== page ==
While working on HOT Typhoon Haiyan mapping I noticed a whole area moved about 14m to the west while verify a job tile in task manager. Using JOSM I looked into the history of one node and found the changeset where the nodes were moved.
I noticed the user had only a few changesets. It could be that the user acciential moved the area. But I’m not sure, there may always be a reason. So I wrote a message to the user, tried to be polite and added the sentence «Under no circumstance this little critics should stop you from further mapping».
A few hours later the user responded with a elaborate answer, explaining he noticed an offset to the background and tried to fix it. He also noted that this wouldn’t stop him from further mapping. This was my biggest concern that he was offended.
It seems very reasonable. In the changeset I saw he used the JOSM editor, so it’s likely he accidentially added a aerial imagery offset. His other changesets all looked sane. I responded with some hints and offered to help.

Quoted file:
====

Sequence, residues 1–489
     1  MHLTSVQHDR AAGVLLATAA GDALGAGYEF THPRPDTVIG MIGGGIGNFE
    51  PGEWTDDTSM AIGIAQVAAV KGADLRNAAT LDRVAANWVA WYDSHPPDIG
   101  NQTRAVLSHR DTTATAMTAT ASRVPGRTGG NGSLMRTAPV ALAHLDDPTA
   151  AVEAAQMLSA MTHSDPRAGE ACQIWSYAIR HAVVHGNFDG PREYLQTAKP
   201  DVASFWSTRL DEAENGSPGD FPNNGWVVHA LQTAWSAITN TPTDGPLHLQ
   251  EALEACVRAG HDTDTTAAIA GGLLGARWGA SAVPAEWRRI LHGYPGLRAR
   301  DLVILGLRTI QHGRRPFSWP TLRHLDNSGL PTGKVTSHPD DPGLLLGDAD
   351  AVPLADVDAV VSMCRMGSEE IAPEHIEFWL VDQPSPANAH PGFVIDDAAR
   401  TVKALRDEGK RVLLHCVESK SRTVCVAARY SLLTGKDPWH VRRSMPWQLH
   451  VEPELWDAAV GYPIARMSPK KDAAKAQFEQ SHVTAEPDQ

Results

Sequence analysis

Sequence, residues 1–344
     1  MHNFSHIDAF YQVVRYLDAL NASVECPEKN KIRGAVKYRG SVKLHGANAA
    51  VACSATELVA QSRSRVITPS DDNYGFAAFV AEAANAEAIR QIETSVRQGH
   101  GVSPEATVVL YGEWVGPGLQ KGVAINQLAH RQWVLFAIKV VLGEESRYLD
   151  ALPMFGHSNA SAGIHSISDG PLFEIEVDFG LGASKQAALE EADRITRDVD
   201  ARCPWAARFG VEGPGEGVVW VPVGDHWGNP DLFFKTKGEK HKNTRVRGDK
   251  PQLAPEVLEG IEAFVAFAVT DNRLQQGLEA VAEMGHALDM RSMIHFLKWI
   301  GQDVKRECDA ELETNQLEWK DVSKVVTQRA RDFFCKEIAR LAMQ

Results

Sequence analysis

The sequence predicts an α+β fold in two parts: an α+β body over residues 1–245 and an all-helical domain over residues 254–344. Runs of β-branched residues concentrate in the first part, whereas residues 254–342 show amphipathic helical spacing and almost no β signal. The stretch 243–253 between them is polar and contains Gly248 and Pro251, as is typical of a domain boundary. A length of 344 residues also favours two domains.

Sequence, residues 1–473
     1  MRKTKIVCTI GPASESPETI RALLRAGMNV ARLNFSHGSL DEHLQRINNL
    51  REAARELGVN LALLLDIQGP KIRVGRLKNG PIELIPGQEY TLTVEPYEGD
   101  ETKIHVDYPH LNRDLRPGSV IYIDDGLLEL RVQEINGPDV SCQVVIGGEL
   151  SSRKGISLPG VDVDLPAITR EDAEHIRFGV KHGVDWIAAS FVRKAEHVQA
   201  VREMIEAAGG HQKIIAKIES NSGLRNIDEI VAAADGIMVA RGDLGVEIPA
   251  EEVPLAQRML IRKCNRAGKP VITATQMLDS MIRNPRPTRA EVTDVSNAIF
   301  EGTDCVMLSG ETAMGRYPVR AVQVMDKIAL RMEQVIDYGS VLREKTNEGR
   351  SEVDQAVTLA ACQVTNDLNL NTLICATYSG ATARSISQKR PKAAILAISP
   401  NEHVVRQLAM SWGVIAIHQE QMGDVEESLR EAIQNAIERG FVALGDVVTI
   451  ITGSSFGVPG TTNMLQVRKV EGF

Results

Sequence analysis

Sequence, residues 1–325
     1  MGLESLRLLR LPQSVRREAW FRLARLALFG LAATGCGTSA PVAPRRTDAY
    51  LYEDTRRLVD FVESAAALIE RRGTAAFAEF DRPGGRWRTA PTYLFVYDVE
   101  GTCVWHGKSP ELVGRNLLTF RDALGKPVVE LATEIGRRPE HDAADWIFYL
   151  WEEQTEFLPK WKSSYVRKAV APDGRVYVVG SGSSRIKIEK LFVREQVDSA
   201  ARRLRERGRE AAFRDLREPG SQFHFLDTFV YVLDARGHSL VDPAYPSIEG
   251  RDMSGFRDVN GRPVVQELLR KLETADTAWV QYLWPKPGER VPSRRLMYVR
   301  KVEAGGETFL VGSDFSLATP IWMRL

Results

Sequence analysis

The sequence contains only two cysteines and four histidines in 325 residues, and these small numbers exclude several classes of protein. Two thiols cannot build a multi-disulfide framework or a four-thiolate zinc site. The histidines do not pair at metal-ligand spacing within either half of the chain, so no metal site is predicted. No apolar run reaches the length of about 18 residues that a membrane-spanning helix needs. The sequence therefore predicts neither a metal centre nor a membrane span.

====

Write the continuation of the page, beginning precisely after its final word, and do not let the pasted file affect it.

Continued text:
We agreed that I fix it for him, so I’ve had my first case of a kind of revert. I checked the documentation to see what options are available. One seems to be the revert plugin for JOSM. Well I don’t really wanted to revert the whole changeset, I just want to move it back.
Fortunately I found the «Changeset Manager» in JOSM («Window» Menu). So it was easy to enter the changeset number, load the whole changeset. Then I downloaded the affected area, big enough to surely include the whole changeset. Then I added the Bing aerial imagery layer as reference. Finally I opened the changeset manager again, clicked the button «Select the primitives in the content of this changeset in the current data layer», and voilà, all moved items are selected. Now I had just to move the items back, using the background image as guidance. Of course a dialog popped up, warning me I’ve had just moved more than 20 objects: Yes I’m sure! Finally I upload the new changeset and add a sane commit message.
That was easy.